With a loud cheer, the rest of the children began running to different beach houses. They rang doorbells and knocked on doors, and at each house they did something to serve the parents who lived there. They washed windows, shook rugs, and helped clean house. The entire neighborhood was filled with children of all races and nationalities serving each other's parents. Wendy's words about the "circular motion" of love came true. As the children helped their parents, their parents gave something back to them. At some houses the children received food, and at others they received small amounts of money in payment for their services. At the end of the day, when all of the children came together, they found they were loaded down with small fortunes of food and money. Quincy looked in amazement at each child's treasures.
Now Dennis looked around at the children again. "Who is the most disliked person that lives around here?" he asked.
All of the children thought for a while. Then one little boy shouted out, "Mrs. McCaw is! She lives in that big haunted-looking house down the beach!"
Dennis smiled again. "Why don't we take all of the food we have and make it into a nice attractive basket. Then let's take the money we've made and buy her a nice gift."
"Let's buy her some candy," said another boy. "Maybe it will sweeten up her sour personality!"
"No!" said a little girl. "Not candy!
Flowers! I think she would like flowers!"
Again all of the children were full of activity. As some of them gathered all of the food together and started decorating a basket for it, others gathered the money together and went to buy the most beautiful flower arrangement they could afford. After they had gotten both gifts together they marched down the beach to Mrs. McCaw's house.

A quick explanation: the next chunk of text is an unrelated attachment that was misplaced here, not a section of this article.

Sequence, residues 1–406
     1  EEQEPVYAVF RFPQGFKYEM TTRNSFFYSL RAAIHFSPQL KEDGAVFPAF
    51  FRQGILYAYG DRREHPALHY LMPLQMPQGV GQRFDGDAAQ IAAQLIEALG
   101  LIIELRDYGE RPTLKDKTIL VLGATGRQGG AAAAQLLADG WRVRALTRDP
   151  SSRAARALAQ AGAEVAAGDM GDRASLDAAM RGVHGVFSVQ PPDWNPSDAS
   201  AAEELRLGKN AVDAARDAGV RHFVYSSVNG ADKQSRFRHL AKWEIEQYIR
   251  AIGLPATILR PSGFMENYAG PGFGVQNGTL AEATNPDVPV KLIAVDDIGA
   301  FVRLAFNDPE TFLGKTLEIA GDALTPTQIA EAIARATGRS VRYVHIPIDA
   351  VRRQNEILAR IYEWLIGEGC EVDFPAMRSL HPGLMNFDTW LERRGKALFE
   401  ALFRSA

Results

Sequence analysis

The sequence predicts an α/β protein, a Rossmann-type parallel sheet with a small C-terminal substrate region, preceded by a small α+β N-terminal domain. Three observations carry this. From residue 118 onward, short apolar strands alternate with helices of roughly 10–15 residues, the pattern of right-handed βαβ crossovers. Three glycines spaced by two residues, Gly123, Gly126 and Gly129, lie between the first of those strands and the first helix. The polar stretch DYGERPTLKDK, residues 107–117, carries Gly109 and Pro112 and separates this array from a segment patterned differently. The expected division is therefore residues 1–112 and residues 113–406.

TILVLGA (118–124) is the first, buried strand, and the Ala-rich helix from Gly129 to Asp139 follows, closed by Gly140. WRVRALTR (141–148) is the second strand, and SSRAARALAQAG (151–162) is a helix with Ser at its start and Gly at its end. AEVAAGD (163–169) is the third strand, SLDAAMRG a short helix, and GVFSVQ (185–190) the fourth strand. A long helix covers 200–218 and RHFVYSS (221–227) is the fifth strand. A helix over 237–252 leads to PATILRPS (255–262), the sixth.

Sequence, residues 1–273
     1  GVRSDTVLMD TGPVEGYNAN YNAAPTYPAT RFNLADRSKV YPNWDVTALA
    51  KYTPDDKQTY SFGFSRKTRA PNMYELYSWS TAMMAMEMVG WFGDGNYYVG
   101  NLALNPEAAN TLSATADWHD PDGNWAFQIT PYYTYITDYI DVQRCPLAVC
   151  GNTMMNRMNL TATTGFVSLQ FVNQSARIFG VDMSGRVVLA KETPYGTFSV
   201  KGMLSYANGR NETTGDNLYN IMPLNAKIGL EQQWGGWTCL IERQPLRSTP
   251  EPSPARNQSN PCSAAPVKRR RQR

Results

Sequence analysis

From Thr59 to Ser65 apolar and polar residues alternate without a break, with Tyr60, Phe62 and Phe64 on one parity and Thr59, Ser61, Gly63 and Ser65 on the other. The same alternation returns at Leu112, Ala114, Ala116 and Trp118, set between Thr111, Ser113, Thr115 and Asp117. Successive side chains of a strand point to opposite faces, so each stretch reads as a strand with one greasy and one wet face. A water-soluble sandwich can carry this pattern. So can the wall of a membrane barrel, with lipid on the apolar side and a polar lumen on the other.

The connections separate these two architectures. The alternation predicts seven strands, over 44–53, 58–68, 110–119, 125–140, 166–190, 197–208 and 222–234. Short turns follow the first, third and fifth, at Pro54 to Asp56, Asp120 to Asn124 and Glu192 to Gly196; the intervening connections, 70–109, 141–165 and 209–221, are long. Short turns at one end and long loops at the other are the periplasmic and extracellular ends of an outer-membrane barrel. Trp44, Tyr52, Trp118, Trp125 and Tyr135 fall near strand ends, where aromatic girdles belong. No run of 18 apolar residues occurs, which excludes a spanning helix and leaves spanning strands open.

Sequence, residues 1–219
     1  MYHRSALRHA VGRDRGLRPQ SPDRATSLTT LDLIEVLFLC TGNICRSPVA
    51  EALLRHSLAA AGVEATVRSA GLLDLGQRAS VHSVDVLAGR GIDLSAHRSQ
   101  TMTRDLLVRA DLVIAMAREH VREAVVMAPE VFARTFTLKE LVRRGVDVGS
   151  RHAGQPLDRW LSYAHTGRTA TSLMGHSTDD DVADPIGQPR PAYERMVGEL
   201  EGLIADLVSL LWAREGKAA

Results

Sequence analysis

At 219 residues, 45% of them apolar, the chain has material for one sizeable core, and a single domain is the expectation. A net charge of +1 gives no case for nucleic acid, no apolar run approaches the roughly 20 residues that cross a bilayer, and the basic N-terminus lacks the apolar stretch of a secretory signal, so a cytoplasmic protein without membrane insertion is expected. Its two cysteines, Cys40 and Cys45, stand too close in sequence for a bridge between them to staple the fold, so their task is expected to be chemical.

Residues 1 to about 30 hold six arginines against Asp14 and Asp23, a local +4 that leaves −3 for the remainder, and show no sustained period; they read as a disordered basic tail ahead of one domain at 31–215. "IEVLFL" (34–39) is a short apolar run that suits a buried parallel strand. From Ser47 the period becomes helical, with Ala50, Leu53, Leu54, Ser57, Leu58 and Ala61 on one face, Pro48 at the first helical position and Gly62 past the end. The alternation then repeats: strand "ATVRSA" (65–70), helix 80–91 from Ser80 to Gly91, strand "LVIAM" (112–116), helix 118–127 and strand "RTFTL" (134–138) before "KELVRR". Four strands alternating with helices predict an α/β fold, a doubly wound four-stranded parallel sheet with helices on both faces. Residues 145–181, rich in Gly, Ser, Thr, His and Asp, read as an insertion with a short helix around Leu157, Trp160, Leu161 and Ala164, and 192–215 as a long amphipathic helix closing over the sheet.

The house was definitely haunted looking. It was much larger than any other house on the beach, and it towered high into the air. Nervously the children walked up to the front of the house, and again Dennis stood before them. Slowly Dennis took the gifts and gave them to Quincy. "Here Quincy," he said, "It's your turn to give."
Nervously Quincy walked forward with the gifts and rang the doorbell. At first nothing happened; so he rang the doorbell again.
Suddenly the door flew open and Mrs. McCaw stood towering over the children. Slowly her gaze passed from one child to another. "What do you want?!?" she shouted in a witch-like voice.
Quincy felt Dennis give him a push from behind, and nervously he held up the basket of food and flowers. "We wanted to give these to you," he whispered.
Mrs. McCaw looked down at Quincy and felt the trembling in his voice. "You want to give these to me?" she asked. "Yesss," trembled Quincy.
Mrs. McCaw was stunned. She stood in silence, looking from one child to the other. Then, slowly, tears came to Mrs. McCaw's eyes. "Oh, you dear children!" she cried. Tears streamed down her face, and she just stood there and wept. "I thought everyone hated me," she sobbed. "Well, why don't all of you children come inside! I have some ice cream and cake, and we can make some cookies. Please come in! I want to meet all of you!"
With deep sighs of relief and with shouts of joy, the children went into the house.
They had made a new friend.